We are missing the big picture. These various responsibilities are a part of our true, broader work. They make us well-rounded people. Training up our children is important. Planting and tending a garden is rewarding. Helping our neighbor and the needy around us is essential. Participating in the lives of our church, family, and community is vital to how we are created. If our time at the office makes these other important forms of work impossible, we need to stop and ask what we are obtaining by sacrificing our humanity? Is it American “toughness”? Is it all the stuff we can buy? Is it an effort to live up to our culture’s warped priorities so we can find a sense of personal meaning?
If it’s about meaning, it is no wonder so many in the lower and middle classes lately feel the burden of growing income disparity. They are expected to give so much to their jobs, to define themselves by their employment, to sacrifice all other interests to their careers. Once they’ve done all that, what are they left with? Job loss. Average wages and salaries not much higher today than in the '80s. They hear the economy is on the rebound but they aren’t seeing it.
Even the upper classes won’t find fulfillment in this scenario. They may be doing better than the lower classes. They may have the stuff of the Cadillac commercial. But they too are losing their humanity by reducing their identity to their employment.
Viewing ourselves through this job-centered lens is a recipe for long-term cultural disaster. Fundamentally, work is about so much more than a job. It is about dominion-taking. It can involve teaching your children, volunteering, working on your house or yard, spending time with a community organization, serving your church, becoming an informed citizen, or working on your mind and soul by studying and praying.
Work is a much broader concept than our “work vs. play” dichotomy allows. Such a dichotomy sets us up for unnecessary conflicts. A broader definition of work helps us to keep things in perspective. It’s not your work vs. your family vs. your church. Your employment is merely one part (albeit a very important part) of your broader work during your life on earth. Thinking in this way tends to reduce conflicts between spheres that should not be in conflict, like spending time at the office vs. rearing your children vs. volunteering. They are all essential parts of our dominion in the world. They should not be put in separate categories, as if they were somehow completely alternate possibilities for how we might use our time. “Work”, broadly understood, leads to a balanced human life.
Why Work Hard?
Our second modern American problem with work is that we have the wrong reason for work. We have lost the real purpose of “hard work.” It is not because “anything is possible,” and it’s not to achieve the American Dream. We ought to work hard for the glory of God, fulfilling our purpose in having dominion in the earth. Sadly, the Cadillac commercial is accurate – many modern Americans work hard for the paycheck, or the future raise, or job security, or because working hard is “tough.” A consciousness of working hard for God’s glory is dead among most Americans - even among many believers. It’s been replaced by a work-hard-play-hard approach or the idea that it’s “just what you do.”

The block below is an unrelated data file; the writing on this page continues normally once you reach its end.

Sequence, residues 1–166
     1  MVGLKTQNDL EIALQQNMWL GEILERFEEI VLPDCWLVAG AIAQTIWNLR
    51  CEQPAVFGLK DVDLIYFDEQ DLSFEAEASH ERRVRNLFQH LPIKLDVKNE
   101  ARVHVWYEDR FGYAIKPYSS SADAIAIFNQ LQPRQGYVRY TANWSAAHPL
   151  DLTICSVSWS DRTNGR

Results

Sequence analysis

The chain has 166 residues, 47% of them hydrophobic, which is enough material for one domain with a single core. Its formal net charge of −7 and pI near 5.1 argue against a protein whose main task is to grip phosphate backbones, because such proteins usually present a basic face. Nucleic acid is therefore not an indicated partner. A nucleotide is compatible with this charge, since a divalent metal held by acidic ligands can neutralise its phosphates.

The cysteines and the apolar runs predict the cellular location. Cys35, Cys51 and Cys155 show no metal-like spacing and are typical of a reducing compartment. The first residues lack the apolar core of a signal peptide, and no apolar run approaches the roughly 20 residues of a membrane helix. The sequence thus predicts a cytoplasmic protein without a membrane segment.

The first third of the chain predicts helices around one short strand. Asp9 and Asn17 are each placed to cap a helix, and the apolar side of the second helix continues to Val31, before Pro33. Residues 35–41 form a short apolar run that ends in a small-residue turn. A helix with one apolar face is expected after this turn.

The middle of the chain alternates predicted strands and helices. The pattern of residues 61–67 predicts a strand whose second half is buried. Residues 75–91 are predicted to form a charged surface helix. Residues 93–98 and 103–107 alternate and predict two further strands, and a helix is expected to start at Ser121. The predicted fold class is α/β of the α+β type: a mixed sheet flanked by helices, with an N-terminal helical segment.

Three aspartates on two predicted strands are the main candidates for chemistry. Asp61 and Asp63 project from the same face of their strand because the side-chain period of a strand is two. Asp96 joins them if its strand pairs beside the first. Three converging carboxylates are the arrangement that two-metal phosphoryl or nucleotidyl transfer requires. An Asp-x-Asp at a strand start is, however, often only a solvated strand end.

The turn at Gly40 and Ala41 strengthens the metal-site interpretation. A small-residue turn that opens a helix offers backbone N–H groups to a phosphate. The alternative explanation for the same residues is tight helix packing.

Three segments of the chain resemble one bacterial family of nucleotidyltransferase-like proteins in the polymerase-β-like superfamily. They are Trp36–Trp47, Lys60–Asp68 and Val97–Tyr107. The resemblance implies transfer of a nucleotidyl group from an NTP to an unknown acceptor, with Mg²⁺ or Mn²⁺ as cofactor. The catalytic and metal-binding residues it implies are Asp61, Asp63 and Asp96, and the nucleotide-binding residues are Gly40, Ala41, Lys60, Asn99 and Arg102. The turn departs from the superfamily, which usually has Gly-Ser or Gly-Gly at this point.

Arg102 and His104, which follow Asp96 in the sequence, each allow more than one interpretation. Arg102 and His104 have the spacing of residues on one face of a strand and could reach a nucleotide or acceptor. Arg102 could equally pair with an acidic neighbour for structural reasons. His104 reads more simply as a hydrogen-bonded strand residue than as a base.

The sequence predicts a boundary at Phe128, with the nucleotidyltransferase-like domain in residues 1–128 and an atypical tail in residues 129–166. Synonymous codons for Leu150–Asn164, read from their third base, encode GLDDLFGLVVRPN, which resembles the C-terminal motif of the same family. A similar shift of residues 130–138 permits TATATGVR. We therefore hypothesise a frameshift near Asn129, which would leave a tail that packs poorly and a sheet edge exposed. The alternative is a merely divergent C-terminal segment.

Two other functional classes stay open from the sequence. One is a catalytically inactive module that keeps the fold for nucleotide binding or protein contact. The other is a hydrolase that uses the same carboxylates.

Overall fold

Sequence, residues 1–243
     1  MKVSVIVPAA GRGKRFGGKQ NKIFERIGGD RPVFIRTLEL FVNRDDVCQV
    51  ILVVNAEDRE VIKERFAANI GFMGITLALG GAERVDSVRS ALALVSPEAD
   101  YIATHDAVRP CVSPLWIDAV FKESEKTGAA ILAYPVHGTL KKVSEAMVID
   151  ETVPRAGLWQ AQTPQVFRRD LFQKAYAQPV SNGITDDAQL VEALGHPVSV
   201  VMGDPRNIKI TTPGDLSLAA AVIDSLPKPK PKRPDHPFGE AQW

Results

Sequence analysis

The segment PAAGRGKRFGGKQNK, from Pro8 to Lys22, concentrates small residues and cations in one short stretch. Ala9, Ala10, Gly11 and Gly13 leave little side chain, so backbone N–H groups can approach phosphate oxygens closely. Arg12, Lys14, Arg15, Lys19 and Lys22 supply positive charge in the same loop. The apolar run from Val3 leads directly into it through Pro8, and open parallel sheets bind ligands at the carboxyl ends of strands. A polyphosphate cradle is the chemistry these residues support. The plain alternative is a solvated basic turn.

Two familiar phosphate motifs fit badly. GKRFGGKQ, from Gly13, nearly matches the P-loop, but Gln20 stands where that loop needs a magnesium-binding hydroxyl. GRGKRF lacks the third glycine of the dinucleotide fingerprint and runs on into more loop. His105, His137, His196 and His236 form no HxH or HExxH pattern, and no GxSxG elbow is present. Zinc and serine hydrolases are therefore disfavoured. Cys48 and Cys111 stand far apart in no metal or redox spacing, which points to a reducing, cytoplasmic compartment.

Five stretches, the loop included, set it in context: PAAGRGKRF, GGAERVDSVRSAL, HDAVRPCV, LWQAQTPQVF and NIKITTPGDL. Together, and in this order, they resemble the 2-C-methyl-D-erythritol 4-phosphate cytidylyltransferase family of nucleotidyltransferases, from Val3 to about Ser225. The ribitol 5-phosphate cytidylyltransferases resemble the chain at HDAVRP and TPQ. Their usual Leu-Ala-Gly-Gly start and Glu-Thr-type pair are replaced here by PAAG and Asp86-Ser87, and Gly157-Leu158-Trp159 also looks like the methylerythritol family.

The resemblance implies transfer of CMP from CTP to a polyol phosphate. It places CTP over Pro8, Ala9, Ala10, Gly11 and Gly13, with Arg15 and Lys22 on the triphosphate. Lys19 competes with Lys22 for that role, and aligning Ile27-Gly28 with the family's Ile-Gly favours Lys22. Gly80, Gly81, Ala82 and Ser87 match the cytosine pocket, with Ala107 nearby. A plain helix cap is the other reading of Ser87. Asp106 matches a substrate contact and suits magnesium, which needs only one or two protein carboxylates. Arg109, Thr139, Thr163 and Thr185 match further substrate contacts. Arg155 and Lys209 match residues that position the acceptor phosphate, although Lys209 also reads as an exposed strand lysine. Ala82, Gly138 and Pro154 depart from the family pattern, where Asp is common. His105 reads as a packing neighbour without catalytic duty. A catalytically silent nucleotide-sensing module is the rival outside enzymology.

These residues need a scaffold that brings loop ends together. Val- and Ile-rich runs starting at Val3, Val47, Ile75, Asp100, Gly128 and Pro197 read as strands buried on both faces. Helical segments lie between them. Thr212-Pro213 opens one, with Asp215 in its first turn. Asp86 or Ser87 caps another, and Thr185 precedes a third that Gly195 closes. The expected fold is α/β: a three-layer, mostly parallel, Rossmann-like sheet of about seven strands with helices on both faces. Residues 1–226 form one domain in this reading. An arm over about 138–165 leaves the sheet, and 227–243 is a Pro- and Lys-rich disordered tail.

Taking dominion for God’s glory in all aspects of our lives is a far more fulfilling purpose than maximizing our effort at our place of employment. Not only is this moral duty far more important than a Cadillac or the American Dream, but it imitates the very work of the Creator Himself and provides us with the kind of human fulfillment we can’t find merely pursuing the hollowness of the modern American hard work mandate.
C.S. Lewis presents a beautiful picture of work and life in The Screwtape Letters:
“[God] does not want men to give the Future their hearts, to place their treasure in it.... His ideal is a man who, having worked all day for the good of posterity (if that is his vocation), washes his mind of the whole subject, commits the issue to Heaven, and returns at once to the patience or gratitude demanded by the moment that is passing over him.”
A well-lived life is not obsessed with occupation now or promotion in the future. Work is done and then put aside. Life is lived in the moment and with an eye towards heaven, not the stuff we can get on earth by maximizing office time. This eye towards heaven does indeed induce us to work hard, but only with a holistic view of work directed to the glory of God.
Zachary Gappa is Deputy Director of Communications at the John Jay Institute and Operations Manager at Gappa Security Solutions.